As a profession, surgery is sometimes depicted as relying on the skills and expertise of highly trained, highly qualified individuals. But in reality, it is much more of a team pursuit and, as much medical literature attests, the skills of teamwork and collaboration are valued at least equally alongside the technical and procedural skills of carrying out surgery itself.
Healthcare as a whole can be described as a network of teams within teams, and all professionals are required to become adept at liaising with professionals in other departments, in other clinical settings, in oversight and multidisciplinary teams and so on. But focusing in on what happens in the surgical department and in the operating room, team structure and communication is an essential part of service delivery.
The Royal College of Surgeons (RCS) is clear about the importance and value of strong teamwork and communication skills to achieving successful surgical outcomes. It states that “surgeons have a duty to promote a positive working environment and effective surgical team working that enhances the performance of their team” and makes explicit the point that “team working is at the centre of safe, effective patient care.” According to Tørring et al, “communicating and relating for the purpose of task orientation” is linked to improved quality of treatment and patient safety, plus an enhanced ability for surgical professionals to learn from mistakes in fast-paced, high-pressure environments.
The RCS is also clear about what is at stake when standards of communication and collaboration are not what they should be. It refers to “growing evidence” from research studies that link medical errors in the operating room to shortcomings in team work and communication. One such study, authored by Healey, Undre and Vincent, connects “adverse events” during surgery to team structure and design itself. The paper further argues that rapid developments in surgical technology, such as the widespread adoption of laparoscopic techniques, are likely to have had a negative impact on teamwork and understanding of roles in operating rooms. While tools and capabilities have changed rapidly, adaptation in terms of team organisation and communication has largely been “ad hoc and variable”, undermining robust and structured approaches to task organisation.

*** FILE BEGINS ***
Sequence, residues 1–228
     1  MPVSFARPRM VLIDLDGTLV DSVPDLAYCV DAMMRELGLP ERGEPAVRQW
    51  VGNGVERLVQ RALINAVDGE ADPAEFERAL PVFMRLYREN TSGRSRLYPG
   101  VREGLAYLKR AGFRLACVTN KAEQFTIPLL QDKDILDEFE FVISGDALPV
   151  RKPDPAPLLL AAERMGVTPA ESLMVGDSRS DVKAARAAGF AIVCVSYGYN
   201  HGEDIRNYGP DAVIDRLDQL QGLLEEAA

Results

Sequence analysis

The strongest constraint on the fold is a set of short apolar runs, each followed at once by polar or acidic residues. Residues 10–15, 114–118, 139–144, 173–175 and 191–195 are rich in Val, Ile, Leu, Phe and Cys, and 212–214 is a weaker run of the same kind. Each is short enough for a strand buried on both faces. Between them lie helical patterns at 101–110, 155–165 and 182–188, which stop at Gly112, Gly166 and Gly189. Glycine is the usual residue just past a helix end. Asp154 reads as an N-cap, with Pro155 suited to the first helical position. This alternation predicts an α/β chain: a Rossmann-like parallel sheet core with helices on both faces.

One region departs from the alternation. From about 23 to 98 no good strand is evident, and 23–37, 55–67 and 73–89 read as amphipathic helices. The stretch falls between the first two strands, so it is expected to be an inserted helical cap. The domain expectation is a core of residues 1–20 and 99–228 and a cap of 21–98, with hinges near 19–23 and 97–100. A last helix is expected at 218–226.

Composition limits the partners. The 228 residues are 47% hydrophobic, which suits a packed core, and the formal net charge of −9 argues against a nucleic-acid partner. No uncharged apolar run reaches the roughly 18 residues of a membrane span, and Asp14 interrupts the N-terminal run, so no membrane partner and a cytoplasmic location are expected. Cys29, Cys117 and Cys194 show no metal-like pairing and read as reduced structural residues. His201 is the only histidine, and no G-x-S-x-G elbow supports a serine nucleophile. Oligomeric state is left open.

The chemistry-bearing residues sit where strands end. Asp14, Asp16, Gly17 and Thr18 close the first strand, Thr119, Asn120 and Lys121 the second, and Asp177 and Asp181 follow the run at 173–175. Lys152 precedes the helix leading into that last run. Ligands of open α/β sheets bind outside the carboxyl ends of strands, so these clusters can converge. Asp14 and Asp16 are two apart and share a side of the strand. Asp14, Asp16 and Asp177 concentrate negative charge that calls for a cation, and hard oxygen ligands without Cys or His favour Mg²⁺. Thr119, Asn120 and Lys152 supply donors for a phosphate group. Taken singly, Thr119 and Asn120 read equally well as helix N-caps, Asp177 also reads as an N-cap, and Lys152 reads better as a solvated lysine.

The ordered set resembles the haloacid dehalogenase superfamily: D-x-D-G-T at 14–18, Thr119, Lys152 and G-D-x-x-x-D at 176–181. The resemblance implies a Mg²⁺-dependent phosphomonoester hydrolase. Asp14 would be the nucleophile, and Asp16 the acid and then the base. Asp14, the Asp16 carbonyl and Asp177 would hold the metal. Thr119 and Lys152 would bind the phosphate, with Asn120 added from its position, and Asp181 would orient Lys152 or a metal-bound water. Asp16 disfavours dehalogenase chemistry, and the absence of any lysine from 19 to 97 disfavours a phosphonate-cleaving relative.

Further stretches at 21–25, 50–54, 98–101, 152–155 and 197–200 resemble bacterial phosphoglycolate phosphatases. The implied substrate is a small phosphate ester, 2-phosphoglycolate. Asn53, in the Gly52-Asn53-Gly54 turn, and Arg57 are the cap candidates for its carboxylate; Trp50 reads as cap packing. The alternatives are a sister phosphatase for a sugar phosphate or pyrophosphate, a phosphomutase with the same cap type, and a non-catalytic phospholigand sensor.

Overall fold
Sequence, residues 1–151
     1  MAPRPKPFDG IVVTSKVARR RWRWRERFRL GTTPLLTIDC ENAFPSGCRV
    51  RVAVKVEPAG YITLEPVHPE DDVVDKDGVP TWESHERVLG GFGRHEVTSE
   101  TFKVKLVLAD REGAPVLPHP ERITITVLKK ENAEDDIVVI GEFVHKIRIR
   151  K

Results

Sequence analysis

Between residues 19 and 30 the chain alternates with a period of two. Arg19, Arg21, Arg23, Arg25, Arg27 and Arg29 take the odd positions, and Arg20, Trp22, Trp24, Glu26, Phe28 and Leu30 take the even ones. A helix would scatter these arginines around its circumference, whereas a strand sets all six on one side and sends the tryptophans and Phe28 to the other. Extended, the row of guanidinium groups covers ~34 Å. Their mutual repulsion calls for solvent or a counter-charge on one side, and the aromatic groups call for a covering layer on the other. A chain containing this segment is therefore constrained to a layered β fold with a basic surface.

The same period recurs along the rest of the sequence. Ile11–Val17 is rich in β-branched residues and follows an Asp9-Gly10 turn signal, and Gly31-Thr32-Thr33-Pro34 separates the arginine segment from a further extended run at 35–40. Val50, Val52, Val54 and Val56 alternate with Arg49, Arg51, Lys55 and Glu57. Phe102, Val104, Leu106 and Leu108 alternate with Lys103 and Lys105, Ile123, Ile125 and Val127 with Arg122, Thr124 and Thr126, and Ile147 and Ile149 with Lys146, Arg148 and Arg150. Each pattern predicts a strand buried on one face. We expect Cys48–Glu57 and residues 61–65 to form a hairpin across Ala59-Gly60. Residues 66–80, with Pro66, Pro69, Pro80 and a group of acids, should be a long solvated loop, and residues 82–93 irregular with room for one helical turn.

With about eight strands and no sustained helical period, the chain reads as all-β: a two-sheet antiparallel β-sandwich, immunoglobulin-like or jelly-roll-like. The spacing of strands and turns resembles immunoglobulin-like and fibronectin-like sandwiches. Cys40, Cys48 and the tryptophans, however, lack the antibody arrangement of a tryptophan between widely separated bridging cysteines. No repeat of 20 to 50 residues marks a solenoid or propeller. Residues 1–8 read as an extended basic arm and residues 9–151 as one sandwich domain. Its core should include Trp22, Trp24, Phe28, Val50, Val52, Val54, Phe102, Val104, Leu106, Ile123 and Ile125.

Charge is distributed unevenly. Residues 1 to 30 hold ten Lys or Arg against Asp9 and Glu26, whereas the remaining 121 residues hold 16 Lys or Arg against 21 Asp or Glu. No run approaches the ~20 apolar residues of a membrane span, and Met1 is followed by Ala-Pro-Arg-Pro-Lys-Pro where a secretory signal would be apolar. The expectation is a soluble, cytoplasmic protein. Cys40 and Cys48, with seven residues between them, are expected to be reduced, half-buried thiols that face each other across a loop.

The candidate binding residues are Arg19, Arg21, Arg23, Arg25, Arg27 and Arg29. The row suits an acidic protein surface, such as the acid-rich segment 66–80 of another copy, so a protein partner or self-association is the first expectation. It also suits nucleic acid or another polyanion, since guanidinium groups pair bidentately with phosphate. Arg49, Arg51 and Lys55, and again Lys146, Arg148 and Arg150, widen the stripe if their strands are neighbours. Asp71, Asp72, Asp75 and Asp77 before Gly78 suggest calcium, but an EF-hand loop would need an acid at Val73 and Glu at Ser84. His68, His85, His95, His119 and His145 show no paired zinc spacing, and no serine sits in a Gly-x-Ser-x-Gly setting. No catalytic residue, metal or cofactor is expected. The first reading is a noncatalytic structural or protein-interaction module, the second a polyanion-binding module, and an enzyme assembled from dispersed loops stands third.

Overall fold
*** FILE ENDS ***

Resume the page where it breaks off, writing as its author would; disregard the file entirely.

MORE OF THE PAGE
However, if a lag in team dynamics catching up with technological capabilities is a cause for concern, technology is also helping to narrow the gap in other ways. Through the internet, through real-time remote communications, through audio-video streaming and recording, through digital resource sharing platforms and, as in the case of Proximie, through next-gen experiential technologies like Augmented Reality (AR), technology is opening up new pathways to collaboration that are helping surgical teams work more effectively, share expertise more freely and drive up clinical standards.
Why surgeons need to talk
During a surgical procedure, the stakes placed on effective communication and coordination could not be any higher – the patient’s well-being, perhaps even their life is on the line. Successful outcomes do not depend solely on the skill and expertise of individuals, but on the transfer of knowledge and professional dialogue that takes place within surgical teams.
For example, junior grade surgeons are required to operate under the supervision of a consultant, who may sometimes be present in theatre to preside over proceedings. If not, they will offer direction and guidance in pre-operative meetings, and summary oversight in post-operative debriefings. In any of these scenarios, effective means of communication are essential to ensure the team works efficiently and successfully.
Similarly, trainee surgeons learn by watching and doing, by observing skilled practitioners in their work, by operating themselves under the guidance of a senior faculty member. This extends into ongoing professional development and lifelong learning. Peer mentoring and coaching, which can be considered formal approaches to collaboration, are widely recognised as key means by which CPD amongst surgeons takes place. Yet there are concerns that, as workloads mount and expectations around patient flow increase, opportunities for meaningful peer learning are decreasing.
One study observes that, while a culture of “peer-to-peer advisory” in major academic hospitals tends to thrive, in private clinical settings it is much less evident. Another argues that structured feedback and professional discussion fades rapidly after core training. A third suggests that trainees themselves are getting less and less time in the operating room, meaning they get less time to observe and ask questions, but also to have their own practice observed and be provided with guidance.